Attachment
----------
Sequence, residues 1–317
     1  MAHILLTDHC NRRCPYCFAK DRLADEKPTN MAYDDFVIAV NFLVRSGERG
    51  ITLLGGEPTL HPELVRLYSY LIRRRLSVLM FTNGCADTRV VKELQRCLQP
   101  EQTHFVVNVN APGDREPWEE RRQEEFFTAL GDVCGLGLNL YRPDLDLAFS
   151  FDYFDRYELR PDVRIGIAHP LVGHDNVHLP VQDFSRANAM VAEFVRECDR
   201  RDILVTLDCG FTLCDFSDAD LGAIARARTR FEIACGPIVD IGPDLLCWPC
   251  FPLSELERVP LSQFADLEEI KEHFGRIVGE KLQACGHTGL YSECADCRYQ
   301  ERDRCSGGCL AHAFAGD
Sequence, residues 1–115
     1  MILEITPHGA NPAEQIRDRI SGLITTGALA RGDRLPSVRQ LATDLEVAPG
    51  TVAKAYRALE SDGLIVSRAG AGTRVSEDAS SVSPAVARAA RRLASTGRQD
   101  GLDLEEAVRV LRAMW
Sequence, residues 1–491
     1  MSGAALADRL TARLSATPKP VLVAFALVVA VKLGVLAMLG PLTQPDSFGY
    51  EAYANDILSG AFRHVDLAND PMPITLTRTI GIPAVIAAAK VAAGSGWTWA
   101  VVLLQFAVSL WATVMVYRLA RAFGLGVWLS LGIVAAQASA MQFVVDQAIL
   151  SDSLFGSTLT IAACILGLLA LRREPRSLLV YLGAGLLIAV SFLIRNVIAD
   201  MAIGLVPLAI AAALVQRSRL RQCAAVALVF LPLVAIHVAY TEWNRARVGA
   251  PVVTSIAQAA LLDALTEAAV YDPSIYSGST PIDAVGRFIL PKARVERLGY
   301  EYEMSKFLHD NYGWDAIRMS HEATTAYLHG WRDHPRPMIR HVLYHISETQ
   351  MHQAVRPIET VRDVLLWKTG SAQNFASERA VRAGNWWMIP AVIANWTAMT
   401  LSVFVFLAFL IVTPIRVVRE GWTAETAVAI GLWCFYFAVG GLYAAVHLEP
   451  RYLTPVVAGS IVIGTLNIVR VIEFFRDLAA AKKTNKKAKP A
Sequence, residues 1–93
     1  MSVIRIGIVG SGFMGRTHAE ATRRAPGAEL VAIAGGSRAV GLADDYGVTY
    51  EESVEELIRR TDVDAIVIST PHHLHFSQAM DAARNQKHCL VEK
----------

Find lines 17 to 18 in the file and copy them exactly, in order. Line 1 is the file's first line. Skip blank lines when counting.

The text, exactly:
   151  SDSLFGSTLT IAACILGLLA LRREPRSLLV YLGAGLLIAV SFLIRNVIAD
   201  MAIGLVPLAI AAALVQRSRL RQCAAVALVF LPLVAIHVAY TEWNRARVGA